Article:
Rick Martin says he cried after interviewing the sister of a Good Samaritan
Mike Ainsworth ran to the aid of a neighbor threatened with a carjacking
Ainsworth was shot in a New Orleans neighborhood and died while his two sons watched
Martin: Ainsworth's sacrifice showed how a man can be a pillar of strength for a community
Tears rolled down my cheeks when I hung up the phone after interviewing Billy Ainsworth Cole, the sister of Harry “Mike” Ainsworth, who was gunned down mercilessly last week in New Orleans in front of his two sons, ages 9 and 11.
Mike heard a woman scream as he was waiting by the school bus stop with his children. As a member of the Citizens 8th Police District Association in the Algiers Point neighborhood, Mike naturally jumped to the aid of his neighbor.
When the woman tried to enter her car, a man attempting to carjack her pulled out a gun. Mike ran over and jumped on the front hood to try to stop the crime, only to be shot by the gunman. The gunman fled on foot, but left Mike stumbling a short distance away, suffering from a gunshot wound to the chest. He collapsed in a neighbor’s yard.
Moments later, before emergency help could arrive, Mike died, with his sons beside him.
I could have been faced with that choice. I have two children, ages 6 and 4, along with my wife, that I would give my life to protect. But Mike’s love, not only for his children and their mother, but also for a neighbor, showed me I have a lot more love to give.
Now, waiting at the bus stop with my 6 year-old, I think about what I would do if faced with a similar situation. I’ve thought of myself as a courageous person, but after covering the story of Mike Ainsworth, I feel very small.
Mike’s heroism sparked a lot of discussion. One friend of mine even asked me, “Would I prefer to be a dead hero or a live witness?” My initial thought was that it was a cold response to such a tragic situation, but I took a day to think about how I would answer that. And I decided that if my wife, my mother or daughters were the potential victims of a would-be carjacker and someone had the courage to intervene, I would be eternally grateful.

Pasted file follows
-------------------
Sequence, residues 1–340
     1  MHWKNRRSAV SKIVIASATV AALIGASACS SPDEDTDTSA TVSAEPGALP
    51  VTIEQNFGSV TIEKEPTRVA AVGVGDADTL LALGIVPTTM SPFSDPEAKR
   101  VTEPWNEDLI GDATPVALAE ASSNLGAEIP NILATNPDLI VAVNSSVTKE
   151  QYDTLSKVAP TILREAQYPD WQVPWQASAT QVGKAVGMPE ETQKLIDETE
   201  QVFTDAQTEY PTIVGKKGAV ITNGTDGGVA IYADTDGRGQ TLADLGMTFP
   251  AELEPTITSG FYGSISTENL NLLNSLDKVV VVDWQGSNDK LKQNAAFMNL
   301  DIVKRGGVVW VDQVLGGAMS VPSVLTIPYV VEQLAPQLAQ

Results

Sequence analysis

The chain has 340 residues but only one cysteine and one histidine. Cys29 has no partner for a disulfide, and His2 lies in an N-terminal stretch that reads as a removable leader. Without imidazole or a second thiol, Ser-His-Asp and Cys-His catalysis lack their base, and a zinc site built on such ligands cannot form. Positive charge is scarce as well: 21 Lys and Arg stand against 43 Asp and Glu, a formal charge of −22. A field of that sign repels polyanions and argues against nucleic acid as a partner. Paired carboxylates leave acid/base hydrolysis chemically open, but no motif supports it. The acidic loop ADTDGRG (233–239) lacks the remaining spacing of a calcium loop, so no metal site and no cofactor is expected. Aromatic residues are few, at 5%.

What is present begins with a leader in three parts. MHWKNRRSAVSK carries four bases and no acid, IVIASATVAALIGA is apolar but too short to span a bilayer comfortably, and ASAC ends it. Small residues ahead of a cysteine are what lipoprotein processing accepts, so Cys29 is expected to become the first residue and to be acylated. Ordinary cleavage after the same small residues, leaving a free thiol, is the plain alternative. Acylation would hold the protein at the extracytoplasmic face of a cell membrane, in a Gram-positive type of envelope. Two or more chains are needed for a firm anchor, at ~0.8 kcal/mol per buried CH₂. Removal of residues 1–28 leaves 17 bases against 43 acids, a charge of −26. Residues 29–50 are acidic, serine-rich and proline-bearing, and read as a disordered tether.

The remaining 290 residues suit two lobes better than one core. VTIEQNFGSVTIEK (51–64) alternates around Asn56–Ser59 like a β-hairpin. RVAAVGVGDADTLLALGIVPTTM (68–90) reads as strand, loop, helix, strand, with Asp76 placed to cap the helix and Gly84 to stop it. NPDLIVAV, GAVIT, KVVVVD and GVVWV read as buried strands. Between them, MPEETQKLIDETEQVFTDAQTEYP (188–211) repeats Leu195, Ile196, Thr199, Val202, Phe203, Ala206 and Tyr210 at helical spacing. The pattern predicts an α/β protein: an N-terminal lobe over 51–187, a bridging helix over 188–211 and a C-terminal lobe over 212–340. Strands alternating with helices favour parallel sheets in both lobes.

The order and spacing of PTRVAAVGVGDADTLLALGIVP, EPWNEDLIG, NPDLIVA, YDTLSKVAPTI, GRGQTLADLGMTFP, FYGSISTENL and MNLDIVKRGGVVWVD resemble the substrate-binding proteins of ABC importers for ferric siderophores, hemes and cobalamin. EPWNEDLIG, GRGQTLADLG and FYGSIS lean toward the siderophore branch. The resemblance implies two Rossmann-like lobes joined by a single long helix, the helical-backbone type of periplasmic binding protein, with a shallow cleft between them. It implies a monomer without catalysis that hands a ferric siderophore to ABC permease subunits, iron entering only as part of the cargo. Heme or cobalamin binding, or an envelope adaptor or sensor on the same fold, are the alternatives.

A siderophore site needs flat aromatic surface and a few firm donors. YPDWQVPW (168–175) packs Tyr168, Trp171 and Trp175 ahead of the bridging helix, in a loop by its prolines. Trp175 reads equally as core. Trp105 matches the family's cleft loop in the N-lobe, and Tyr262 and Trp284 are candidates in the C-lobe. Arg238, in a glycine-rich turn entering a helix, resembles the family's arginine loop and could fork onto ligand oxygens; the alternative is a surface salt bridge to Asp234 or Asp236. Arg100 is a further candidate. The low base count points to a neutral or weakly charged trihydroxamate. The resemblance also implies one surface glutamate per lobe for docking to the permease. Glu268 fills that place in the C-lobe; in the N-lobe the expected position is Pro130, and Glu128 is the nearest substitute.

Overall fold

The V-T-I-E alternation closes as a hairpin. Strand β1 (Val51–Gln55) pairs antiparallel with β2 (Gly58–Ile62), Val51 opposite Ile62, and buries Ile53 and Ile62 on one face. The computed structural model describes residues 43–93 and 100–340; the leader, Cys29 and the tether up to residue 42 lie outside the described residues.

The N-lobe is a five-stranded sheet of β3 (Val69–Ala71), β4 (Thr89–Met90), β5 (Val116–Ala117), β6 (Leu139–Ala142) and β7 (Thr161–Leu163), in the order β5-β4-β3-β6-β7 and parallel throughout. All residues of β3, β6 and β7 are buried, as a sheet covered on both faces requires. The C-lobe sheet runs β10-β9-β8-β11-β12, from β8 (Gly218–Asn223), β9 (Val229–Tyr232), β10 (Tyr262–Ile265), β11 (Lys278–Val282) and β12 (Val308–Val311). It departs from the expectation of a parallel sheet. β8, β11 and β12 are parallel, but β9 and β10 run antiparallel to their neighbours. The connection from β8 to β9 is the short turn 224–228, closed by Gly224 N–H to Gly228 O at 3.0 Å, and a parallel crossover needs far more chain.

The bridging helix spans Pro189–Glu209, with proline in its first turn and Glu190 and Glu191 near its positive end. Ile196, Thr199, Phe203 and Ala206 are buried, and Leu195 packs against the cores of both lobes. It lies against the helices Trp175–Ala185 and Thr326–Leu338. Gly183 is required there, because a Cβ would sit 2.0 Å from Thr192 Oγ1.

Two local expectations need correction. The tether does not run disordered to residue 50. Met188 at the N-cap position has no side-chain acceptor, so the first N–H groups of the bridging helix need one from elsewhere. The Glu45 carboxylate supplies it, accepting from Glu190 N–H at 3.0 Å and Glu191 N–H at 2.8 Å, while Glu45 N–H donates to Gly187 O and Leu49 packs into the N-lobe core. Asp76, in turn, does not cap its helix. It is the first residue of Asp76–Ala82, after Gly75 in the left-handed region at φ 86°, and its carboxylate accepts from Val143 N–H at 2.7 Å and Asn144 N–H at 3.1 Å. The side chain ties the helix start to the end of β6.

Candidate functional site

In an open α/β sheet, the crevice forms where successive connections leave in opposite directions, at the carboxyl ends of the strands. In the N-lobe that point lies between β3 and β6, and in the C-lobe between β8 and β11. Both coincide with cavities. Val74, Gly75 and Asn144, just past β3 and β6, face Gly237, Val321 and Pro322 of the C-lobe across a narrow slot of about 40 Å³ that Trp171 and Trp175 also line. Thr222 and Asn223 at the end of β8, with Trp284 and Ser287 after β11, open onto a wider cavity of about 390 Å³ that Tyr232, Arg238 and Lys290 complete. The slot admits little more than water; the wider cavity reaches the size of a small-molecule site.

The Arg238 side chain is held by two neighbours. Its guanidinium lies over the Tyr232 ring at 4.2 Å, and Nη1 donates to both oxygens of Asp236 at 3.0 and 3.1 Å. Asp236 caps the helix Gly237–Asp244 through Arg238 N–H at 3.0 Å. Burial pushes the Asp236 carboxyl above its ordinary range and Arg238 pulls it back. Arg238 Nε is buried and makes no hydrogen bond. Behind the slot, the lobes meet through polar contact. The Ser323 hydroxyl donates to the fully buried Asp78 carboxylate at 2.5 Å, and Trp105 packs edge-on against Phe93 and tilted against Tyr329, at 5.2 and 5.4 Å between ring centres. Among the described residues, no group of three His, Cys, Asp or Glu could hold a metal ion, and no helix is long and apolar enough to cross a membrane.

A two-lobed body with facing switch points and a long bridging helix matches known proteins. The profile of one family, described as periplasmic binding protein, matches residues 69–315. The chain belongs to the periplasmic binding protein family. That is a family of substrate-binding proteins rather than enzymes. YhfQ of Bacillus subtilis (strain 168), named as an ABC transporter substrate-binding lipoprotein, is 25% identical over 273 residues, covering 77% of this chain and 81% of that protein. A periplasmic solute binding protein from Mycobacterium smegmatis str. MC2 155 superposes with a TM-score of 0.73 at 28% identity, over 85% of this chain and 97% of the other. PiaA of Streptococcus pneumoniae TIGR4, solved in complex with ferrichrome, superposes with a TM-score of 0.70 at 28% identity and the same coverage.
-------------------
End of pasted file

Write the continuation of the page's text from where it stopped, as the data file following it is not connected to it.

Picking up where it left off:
No one should judge Mike Ainsworth by suggesting he made a bad decision to put himself in harm’s way. If people had the heart this man displayed through his actions, we all would be living in a better place.
As we go about living our daily lives after Mike Ainsworth gave the ultimate sacrifice, his own life, to protect his neighbor we should think about what we can do to make another person’s life better. I know what I’m going to do. I have a list of many heroes who are part of my history and have become famous in time. I’m just going to add the name Mike Ainsworth to that list.
I can imagine that Mike’s sons are having a difficult time understanding why their father is no longer with us, but the power of his spirit will live on, particularly with many other caring fathers. Mike’s story should be an inspiration that encourages people to think less about how difficult their days are and more about taking a little bit of extra time to read to their children, answer as many questions as they have and hug them a little longer than they may want.
I never met Mike Ainsworth, but I sure wish I did. His story has helped me come out of my shell and given me new purpose and a determination to use whatever strength I have to help others.
We report on acts of death and dying every day and that can harden you as a journalist and make you numb, but it seems I don’t report enough on the impact of life and living. Covering the story of Mike Ainsworth this past week has shown me how to open my heart a little wider, feel a little more compassionate and care a little more about others before it’s too late.
I hope and pray that Mike’s two young sons and their mother, Cheryl, realize that Mike was not only a pillar of strength in the community but that his actions provide a rock solid foundation to support the rest of their lives. Thank you Mike Ainsworth for showing us how to love thy neighbor and live our lives as a pillar of strength.